Lux Mundi

As we gather together on this Fourth Sunday of Lent, cooped up in this little friary, we celebrate this Holy Mass with the knowledge that more people within and without these walls are perhaps more anxious and worried than they have been in several years' time. Friends of mine back home who don’t often overreact to world events are now anxious about the future. Folks are worried they won’t have enough food for essential supplies. They are wondering when they will be able to go back to work or back to their offices. Panic has caused normally level headed folks to hoard goods that they don’t need while others are left to fend for themselves. Many don’t trust the government or our nation’s leaders to find solutions to these economic, biological, and political realities caused by the spread of this virus. People cannot even find respite in houses of worship at this time as they too are closed or severely restricted to the public. It seems like for many, life has come to a complete and utter halt.


But yet, during these moments of trial and tribulation, during these moments of international hardship, our true nature becomes increasingly clear. As a people, our ideas about ourselves come to fruition under these sorts of pressure. It is like a piece of coal which says of itself, “My true potential is that of a diamond”. Yet without pressure, it can never be that which it says it is. Likewise, our nations also cannot be great unless they are first tried. And this, I believe, is one of those times.


These are the times that show ourselves who we really are. No, this is not the same kind of trial experienced by Americans and Britons during the two World Wars, or during the Cold War, the Troubles, or on the terrorist attacks on September 11th or the 7th of July.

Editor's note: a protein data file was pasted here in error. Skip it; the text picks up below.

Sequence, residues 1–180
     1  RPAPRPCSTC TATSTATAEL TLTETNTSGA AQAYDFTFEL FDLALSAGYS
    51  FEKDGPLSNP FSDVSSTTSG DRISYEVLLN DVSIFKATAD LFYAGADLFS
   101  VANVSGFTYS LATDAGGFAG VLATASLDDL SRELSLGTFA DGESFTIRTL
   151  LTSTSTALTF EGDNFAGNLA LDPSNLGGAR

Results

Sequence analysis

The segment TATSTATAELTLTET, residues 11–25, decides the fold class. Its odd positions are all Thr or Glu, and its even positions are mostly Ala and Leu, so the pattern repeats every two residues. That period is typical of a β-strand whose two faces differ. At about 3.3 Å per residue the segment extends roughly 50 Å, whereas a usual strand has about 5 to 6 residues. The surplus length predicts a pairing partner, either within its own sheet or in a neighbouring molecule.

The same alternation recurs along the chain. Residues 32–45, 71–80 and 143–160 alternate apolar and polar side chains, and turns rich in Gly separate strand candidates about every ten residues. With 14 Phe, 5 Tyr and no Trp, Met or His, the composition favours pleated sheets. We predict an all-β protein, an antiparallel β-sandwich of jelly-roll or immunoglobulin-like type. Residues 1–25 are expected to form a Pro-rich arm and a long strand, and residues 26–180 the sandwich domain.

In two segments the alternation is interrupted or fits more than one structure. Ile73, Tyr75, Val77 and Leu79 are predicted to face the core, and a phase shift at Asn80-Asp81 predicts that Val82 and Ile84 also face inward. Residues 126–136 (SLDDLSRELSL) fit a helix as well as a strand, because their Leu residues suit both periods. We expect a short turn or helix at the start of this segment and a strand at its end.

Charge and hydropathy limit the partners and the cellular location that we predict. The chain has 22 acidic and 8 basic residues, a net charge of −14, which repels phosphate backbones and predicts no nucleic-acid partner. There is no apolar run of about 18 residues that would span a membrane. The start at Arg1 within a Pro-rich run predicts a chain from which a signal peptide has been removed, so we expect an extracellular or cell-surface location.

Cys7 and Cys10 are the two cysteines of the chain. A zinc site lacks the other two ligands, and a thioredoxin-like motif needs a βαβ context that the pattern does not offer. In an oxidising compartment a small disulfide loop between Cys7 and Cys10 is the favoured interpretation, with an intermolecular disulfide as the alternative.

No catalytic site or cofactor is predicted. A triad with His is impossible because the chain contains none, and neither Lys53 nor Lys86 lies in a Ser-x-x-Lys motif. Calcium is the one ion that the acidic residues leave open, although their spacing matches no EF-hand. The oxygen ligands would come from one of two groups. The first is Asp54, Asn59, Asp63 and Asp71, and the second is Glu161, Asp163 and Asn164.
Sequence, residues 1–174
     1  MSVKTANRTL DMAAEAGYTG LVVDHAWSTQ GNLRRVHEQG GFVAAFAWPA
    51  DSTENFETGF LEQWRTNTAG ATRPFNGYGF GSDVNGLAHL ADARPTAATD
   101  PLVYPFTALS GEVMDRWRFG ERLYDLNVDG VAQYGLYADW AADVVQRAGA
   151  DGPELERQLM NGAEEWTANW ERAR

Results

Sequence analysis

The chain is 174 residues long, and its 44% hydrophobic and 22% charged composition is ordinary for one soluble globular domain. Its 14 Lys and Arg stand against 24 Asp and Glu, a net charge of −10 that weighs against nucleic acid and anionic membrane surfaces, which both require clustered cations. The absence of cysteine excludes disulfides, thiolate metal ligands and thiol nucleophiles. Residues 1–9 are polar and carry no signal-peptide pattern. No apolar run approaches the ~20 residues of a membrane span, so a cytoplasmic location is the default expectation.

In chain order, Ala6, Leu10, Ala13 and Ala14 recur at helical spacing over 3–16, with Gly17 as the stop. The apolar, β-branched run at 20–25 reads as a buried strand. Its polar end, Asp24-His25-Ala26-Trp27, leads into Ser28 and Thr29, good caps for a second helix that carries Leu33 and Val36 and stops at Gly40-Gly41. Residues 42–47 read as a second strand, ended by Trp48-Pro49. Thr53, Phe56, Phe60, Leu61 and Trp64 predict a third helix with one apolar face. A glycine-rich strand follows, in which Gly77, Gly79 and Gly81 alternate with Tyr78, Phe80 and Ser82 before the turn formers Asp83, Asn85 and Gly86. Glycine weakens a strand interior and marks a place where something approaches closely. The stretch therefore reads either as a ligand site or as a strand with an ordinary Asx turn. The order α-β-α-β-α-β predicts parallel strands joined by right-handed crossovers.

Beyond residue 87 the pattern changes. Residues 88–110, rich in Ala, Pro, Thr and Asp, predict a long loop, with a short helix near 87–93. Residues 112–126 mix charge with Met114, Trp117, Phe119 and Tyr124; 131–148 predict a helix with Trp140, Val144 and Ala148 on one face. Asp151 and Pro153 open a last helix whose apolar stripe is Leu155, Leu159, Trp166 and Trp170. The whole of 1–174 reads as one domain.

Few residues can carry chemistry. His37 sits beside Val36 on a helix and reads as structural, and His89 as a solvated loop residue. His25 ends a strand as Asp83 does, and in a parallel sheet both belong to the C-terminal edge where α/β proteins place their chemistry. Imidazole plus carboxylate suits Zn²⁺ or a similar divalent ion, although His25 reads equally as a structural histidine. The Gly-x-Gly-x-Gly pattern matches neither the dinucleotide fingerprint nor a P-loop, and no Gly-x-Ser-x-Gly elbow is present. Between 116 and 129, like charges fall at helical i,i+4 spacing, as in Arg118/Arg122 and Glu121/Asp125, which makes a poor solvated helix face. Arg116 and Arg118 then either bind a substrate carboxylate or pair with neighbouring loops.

But thousands of people are no longer around today because of this virus. Survivors and the general public are scared. People will lose their jobs. People who have saved for decades will lose their retirements (hopefully just in the short term). Our own Franciscan society will lose money in its investments (just like many Americans) which will restrict what activities and opportunities we are able to pursue. We will, like all those impacted due to this virus, be forced to make difficult and perhaps painful decisions. Our future, like that of others, is up in the air. No one knows what will happen tomorrow or when exactly normalcy will return.


Gathered together for this celebration of the Mass--an opportunity not available to many Christians right now--we hear the words of Saint Paul in his letter to the Ephesians, “for the fruit of the light is found in all that is good and right and true” (Ephesians 5:9).


“The fruit of the light.”


That phrase causes us to reflect on our present situation. What meaning is there for us contained in these words? Doesn’t it seem ironic that at the same time our government and health officials are encouraging us to stay indoors, St. Paul is exhorting us with the words: "Sleeper, awake! Rise from the dead” (Ephesians 5:14). Even in the midst of our imposed isolation from the world today, the Apostle encourages us in pursuing the fruits of the light, inviting us to, “Try to find out what is pleasing to the Lord. Take no part in the unfruitful works of darkness, but instead expose them” (Ephesians 5:10-11).


And what are the works of darkness? In the beginning of the 5th chapter of Ephesians, immediately before where our epistle excerpt began, Paul mentions several of these works of darkness. He says,


“[F]ornication and impurity of any kind, or greed, must not even be mentioned among you...Entirely out of place is obscene, silly, and vulgar talk; but instead, let there be thanksgiving. Let no one deceive you with empty words, for because of these things the wrath of God comes on those who are disobedient. Therefore do not be associated with them. For once you were darkness, but now in the Lord you are light. Live as children of light” (Ephesians 5:3-5,7-8).


As much as I may be a fan of sometimes obscene and silly talk, what is Paul trying to say to us? As brothers who live a rather unusual and countercultural lifestyle, how can our perspective on the present-day state of the world work to expose the works of darkness when the world appears increasingly dark?